To Those Who Choose to Bully My Son With Autism
Friday afternoon I put my jacket on and stopped halfway from my house to the bus stop like every other day. It’s my sons favorite thing to do. He asks me all the time to stop right there so he can run really hard and crash into my arms. He calls it his “Brock Entrance.”
I knew something was wrong the second he got off the bus. Brock didn’t run that day, but his smile wasn’t gone. He came right up to me and said “[blank] choked me on the bus today.”
My heart dropped. My breath caught. My eyes started burning. I wanted to cry, but I couldn’t. I have to be strong for my child.
I put his hand in mine and walked to our house. I had him sit on the couch and tipped his head back. That’s when I noticed the faint purple marks and scratches under his chin. Inside my momma bear was slowly roaring to life; outside I was calm with my usual smile when I see my son after an eight-hour school day. I asked him, “What do you want for a snack today? Apples or big gooey chocolate donuts?” He picked the donuts, because you don’t exist in our house. Your memory fades when his foot hits that last step on the bus. You take up enough of his time outside of these walls — you don’t get more of him.
This is our time, and my time to remind and show him that love is a stronger feeling than hate. My son has autism and developmental disabilities, and he is so, so loved. He has a mom, dad, puppy, aunts, uncles, cousins, grandparents and friends who always make sure he feels that love the second we are in his presence.
But when I think of you, after the hurt and anger at the injustice you caused my son fades, I just feel sorry. There’s a big part of me that hurts for you, too. I can’t help but think of what you must be going through to have that much pain inside you’d take it out on my child. The child who always finds a reason to smile and sees the good in everyone.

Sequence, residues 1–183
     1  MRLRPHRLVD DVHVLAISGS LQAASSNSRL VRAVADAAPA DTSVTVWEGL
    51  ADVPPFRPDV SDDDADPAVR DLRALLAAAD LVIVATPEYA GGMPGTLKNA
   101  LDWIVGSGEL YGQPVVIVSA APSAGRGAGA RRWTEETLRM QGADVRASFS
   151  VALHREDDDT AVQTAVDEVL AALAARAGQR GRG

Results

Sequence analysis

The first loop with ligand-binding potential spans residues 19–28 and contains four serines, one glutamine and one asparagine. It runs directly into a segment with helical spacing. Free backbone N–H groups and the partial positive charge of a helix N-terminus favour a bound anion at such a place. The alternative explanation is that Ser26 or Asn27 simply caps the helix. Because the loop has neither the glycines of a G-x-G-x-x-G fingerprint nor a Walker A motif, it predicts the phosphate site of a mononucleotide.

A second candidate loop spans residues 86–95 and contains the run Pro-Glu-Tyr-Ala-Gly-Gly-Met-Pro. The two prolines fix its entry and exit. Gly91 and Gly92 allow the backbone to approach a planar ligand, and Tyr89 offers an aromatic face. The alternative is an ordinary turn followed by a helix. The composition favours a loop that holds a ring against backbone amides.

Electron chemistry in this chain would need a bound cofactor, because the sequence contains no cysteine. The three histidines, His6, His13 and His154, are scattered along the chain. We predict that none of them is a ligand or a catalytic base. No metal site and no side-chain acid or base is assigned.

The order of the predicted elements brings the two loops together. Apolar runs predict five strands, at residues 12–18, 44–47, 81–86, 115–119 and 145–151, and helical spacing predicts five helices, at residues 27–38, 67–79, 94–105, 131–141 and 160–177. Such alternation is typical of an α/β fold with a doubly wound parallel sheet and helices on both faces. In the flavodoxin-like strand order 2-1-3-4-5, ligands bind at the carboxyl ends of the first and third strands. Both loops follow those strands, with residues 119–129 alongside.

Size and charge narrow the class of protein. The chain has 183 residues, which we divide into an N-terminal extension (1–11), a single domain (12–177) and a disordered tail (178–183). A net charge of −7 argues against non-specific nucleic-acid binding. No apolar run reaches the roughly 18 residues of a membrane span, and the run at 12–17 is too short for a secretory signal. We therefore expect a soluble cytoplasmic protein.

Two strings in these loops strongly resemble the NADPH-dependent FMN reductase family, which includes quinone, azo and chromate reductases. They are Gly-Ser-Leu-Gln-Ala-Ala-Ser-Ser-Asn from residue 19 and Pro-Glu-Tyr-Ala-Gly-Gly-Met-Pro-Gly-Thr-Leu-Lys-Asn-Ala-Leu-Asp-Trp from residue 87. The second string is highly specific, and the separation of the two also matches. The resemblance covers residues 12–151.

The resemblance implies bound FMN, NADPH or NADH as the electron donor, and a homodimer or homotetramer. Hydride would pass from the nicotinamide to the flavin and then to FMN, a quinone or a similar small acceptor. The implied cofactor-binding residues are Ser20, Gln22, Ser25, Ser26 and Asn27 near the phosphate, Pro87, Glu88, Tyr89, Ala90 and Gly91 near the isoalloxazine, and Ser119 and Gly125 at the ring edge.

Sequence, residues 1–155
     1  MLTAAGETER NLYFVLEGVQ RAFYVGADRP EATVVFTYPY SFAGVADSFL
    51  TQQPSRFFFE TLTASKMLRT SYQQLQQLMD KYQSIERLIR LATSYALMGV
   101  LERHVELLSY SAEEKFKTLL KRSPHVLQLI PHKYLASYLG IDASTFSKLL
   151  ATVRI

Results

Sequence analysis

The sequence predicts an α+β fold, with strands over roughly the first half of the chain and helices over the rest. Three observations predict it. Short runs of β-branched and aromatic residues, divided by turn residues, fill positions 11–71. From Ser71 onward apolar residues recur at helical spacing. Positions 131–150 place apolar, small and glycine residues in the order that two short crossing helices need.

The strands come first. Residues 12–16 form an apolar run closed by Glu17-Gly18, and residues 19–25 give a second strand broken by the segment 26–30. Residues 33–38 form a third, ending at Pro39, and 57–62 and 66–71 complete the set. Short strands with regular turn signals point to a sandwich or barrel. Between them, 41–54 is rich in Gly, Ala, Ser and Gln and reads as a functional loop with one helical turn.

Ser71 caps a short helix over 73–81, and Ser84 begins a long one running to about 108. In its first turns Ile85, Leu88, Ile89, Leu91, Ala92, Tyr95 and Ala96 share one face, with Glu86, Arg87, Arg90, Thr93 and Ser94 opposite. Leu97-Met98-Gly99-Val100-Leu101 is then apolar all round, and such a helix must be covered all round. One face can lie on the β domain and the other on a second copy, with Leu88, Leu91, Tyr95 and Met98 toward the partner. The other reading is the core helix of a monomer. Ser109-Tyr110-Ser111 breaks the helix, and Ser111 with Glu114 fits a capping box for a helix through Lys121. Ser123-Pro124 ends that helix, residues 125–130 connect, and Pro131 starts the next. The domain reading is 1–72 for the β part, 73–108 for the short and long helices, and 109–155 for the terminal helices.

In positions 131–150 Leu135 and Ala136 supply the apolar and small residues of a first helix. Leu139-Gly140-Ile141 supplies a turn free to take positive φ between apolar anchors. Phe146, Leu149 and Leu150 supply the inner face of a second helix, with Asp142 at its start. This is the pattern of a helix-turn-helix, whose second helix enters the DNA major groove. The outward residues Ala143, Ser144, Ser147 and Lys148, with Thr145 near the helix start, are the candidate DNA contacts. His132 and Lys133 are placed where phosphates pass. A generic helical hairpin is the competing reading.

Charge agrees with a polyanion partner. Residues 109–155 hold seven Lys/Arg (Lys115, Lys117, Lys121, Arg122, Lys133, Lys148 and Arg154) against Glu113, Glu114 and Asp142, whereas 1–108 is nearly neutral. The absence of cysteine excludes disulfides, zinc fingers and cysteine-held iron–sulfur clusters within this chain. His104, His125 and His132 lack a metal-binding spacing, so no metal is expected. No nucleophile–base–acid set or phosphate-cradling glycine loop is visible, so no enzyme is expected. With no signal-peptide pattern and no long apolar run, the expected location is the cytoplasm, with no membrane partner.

I believe one of the best parts about being a mom is having the power to help take pain away from my son. I get to do that, and I am doing that. The most important thing I’ve learned if your child is a victim of bullying is to remind them they are in no way at fault, and to always let an adult know what’s going on. I always make sure to spend time after each school day discussing Brock’s day with him. I call it “the highs and lows.” I have him name a few things that were the high points, and a few things that were the low points, because I want him to know he can always come to me for anything good or bad. Whenever he names a low point, we discuss ways they can either be solved or improved. Communication is always key.
And now, he’s no longer going to be the person you take your frustrations out on. That ended Friday afternoon when he took that last step off the bus and chose gooey chocolate donuts.
Brock is going to go on like Brock does — with a smile on his face and without a care in the world.
And I hope, beyond all hope, when the next Brock comes around, (because there will always be another Brock) that you remember one thing: in the long run, the only one you’re hurting is yourself.
Memories fade, but there will always be big gooey chocolate donuts to help pick up the pieces.
Follow this journey on Brock’s World.
The Mighty is asking the following: Describe a moment you were met with extreme negativity or adversity related to your disability and/or disease (or a loved one’s) and why you were proud of your response — or how you wish you could’ve responded. If you’d like to participate, please send a blog post to email@example.com. Please include a photo for the piece, a photo of yourself and 1-2 sentence bio. Check out our Submit a Story page for more about our submission guidelines.